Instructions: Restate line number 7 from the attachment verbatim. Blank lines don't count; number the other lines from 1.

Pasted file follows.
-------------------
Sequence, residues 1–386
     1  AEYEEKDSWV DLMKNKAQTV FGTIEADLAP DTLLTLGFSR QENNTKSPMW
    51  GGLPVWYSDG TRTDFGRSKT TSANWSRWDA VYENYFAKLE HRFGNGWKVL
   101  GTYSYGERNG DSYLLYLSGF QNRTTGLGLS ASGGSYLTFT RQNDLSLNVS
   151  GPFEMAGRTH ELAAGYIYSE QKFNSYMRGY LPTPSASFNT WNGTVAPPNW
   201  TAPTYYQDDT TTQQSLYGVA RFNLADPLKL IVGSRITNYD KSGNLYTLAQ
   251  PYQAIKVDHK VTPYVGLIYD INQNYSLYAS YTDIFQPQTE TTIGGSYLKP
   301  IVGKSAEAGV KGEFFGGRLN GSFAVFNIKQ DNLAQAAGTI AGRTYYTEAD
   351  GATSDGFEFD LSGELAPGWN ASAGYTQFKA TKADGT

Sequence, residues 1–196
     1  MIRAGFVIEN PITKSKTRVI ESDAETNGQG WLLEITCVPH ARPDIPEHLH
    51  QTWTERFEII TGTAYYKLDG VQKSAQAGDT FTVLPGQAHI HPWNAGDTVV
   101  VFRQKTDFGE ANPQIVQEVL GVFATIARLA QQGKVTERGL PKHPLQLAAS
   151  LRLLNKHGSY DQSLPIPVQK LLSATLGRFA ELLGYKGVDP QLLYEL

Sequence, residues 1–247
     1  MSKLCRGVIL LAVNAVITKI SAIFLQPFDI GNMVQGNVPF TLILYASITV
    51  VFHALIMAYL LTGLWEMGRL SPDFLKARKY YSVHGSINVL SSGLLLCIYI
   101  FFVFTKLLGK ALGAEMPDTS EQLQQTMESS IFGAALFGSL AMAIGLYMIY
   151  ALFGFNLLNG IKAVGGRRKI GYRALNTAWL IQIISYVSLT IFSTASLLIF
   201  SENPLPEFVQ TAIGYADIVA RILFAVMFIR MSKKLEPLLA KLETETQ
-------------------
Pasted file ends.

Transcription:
   251  PYQAIKVDHK VTPYVGLIYD INQNYSLYAS YTDIFQPQTE TTIGGSYLKP